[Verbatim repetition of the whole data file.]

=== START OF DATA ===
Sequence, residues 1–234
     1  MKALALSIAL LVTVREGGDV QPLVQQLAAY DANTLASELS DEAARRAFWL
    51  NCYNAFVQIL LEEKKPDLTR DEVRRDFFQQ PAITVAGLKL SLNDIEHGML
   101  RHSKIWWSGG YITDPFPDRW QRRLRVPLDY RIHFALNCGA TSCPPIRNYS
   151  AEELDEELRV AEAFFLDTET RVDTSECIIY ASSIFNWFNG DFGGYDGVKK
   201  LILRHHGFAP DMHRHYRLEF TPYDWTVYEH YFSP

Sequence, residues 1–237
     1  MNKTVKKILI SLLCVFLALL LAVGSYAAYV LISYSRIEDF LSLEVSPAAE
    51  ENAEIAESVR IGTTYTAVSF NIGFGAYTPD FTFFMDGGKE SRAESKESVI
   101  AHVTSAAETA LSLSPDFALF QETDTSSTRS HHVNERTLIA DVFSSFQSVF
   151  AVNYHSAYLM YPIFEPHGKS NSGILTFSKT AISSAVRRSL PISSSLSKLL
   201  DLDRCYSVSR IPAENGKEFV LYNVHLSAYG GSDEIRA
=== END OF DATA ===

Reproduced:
Sequence, residues 1–234
     1  MKALALSIAL LVTVREGGDV QPLVQQLAAY DANTLASELS DEAARRAFWL
    51  NCYNAFVQIL LEEKKPDLTR DEVRRDFFQQ PAITVAGLKL SLNDIEHGML
   101  RHSKIWWSGG YITDPFPDRW QRRLRVPLDY RIHFALNCGA TSCPPIRNYS
   151  AEELDEELRV AEAFFLDTET RVDTSECIIY ASSIFNWFNG DFGGYDGVKK
   201  LILRHHGFAP DMHRHYRLEF TPYDWTVYEH YFSP

Sequence, residues 1–237
     1  MNKTVKKILI SLLCVFLALL LAVGSYAAYV LISYSRIEDF LSLEVSPAAE
    51  ENAEIAESVR IGTTYTAVSF NIGFGAYTPD FTFFMDGGKE SRAESKESVI
   101  AHVTSAAETA LSLSPDFALF QETDTSSTRS HHVNERTLIA DVFSSFQSVF
   151  AVNYHSAYLM YPIFEPHGKS NSGILTFSKT AISSAVRRSL PISSSLSKLL
   201  DLDRCYSVSR IPAENGKEFV LYNVHLSAYG GSDEIRA